Too Busy For Words - the PaulWay Blog

Wed 17th May, 2006

Dear Attorney-General,

You feel free to criticise Labor for coming 'too little, too late' to support your police-state Sedition laws. And yet your proposed changes to the Copyright act are 'too little, too late' and you want a pat on the back?

At least you've made it to the 20th century - finally allowing people to do the format shifting and time shifting they've been doing on music and TV for decades. This is not anything to be lauded, though - most other parts of the world have had these fair use provisions for that time. And you still have to make it to the 21st century, where watching a show once is not enough and where people have an iPod, a home media centre, a computer and a CD player and don't want to only have one copy of the music they paid for to move around all these locations.

No artist, musician or video producer wants to see their hard work restricted and confined like this. Only the copyright agencies and the big media corporations, who extort the actual rights to a song or a video off the creator with mafia stand-over tactics, want this. Notice how they're the ones telling you that artists 'want' these contracts that take away their rights, and how consumers 'want' to have Digital Restrictions Management placed on the songs and videos they've paid for? Notice how they're also the richest companies with the richest individuals? And how they're also featuring in movies like "Outfoxed" and "The Corporation" for being psychopathic, uncaring money-hungry machines?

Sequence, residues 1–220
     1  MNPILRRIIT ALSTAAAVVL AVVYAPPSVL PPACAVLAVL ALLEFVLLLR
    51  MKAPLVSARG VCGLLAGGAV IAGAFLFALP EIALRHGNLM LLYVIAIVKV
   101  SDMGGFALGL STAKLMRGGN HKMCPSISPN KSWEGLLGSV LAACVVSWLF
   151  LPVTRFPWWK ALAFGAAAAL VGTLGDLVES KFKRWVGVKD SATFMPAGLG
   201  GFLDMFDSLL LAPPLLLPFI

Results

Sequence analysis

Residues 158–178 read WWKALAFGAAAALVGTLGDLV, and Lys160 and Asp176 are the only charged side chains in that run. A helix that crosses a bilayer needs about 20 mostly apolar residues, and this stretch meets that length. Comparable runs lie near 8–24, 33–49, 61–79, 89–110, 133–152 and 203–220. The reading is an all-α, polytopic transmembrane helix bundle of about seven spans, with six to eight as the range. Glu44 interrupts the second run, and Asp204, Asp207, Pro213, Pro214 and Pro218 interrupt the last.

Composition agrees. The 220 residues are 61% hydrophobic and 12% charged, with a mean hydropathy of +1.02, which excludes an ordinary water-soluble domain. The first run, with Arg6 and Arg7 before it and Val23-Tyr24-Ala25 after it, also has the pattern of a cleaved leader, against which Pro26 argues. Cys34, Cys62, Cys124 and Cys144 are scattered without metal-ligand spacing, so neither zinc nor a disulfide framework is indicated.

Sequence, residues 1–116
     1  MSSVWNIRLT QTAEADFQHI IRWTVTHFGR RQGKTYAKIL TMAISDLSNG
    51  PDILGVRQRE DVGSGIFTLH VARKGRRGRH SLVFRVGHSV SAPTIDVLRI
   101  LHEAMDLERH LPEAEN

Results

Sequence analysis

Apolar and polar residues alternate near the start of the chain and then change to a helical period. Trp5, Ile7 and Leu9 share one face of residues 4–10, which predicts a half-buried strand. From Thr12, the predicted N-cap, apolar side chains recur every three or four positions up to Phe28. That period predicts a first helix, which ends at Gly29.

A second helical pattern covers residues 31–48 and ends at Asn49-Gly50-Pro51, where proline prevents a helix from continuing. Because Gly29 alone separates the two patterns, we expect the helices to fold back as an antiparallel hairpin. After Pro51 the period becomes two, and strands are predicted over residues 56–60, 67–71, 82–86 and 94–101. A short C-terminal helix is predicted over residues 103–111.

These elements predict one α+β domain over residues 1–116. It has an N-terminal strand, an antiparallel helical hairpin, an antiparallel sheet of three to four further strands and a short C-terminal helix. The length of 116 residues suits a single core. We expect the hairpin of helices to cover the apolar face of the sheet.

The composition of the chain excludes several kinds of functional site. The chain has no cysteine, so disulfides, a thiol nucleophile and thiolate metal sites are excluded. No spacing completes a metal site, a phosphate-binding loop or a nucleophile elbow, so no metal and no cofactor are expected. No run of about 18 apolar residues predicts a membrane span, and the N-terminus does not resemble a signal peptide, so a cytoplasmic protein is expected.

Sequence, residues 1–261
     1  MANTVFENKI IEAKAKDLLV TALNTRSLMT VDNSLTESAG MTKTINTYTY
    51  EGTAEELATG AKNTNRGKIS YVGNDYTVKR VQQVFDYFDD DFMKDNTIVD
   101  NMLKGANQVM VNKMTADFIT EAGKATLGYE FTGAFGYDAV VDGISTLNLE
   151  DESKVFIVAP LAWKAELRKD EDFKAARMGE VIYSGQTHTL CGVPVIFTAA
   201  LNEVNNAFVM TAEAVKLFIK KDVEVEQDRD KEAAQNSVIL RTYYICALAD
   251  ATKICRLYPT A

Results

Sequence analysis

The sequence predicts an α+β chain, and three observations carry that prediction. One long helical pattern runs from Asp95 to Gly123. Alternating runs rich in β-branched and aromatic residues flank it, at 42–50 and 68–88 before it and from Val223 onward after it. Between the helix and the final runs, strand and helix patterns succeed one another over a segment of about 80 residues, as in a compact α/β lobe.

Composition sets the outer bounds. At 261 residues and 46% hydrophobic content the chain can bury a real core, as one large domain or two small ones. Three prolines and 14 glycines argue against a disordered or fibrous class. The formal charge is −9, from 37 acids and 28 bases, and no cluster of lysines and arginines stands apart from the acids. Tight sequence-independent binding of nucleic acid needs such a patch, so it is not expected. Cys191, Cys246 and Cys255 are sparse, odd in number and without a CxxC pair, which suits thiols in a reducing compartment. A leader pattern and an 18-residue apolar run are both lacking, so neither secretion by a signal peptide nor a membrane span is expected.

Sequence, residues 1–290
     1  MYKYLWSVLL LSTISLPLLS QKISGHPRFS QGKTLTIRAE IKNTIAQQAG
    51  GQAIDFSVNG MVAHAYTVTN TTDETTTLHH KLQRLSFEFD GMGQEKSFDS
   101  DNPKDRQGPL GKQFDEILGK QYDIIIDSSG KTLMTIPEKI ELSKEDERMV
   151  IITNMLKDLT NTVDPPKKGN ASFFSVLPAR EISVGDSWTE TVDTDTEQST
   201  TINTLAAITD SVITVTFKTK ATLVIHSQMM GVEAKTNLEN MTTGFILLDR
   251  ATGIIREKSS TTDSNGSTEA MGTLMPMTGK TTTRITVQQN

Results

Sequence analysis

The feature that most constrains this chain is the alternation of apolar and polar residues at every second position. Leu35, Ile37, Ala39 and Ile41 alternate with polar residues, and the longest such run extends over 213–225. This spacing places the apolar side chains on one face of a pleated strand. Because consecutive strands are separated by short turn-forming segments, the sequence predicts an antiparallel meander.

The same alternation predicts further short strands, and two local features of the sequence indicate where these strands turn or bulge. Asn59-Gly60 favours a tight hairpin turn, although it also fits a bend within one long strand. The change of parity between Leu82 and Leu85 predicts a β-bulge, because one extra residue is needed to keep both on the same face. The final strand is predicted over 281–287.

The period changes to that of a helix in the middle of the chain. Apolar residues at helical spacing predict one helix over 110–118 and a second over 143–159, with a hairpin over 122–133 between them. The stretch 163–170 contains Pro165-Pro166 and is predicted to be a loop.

And they're the ones who are talking about 'piracy' - ripping off artists from their hard won earnings. If you still believe this, try reading Courtney Love's Salon article on the music industry and you will realise that the 'pirates' 'ripping off' the artists are the media companies themselves. Perhaps for a more visceral understanding of the actual tactics of the record companies in dealing with musicians, you should read Steve Albini's article, which shows that far from 'protecting artists rights', record companies are ripping them off for everything they can get. Now that's piracy.

Most people do not want to share everything they buy with everyone. Most people don't expect to get music or video for free. But in contrast to the procrustean actions of the record companies, who want to screw every cent they can out of whoever can be forced to pay (for instance, the Copyright Agency lobbying for being paid for school's use of the internet, based on its own estimates of how much of that is copyrighted material that they lay claim to), people rebel. The labels are barely touching the professional pirates who are making realistic copies of CDs, DVDs and other media; they're picking on the easy targets - unsophisticated consumers.

So I would like to congratulate you on getting to 1990. When are you going to get to 2006 and give the people what they actually want?

Sent via on 17th May 2006

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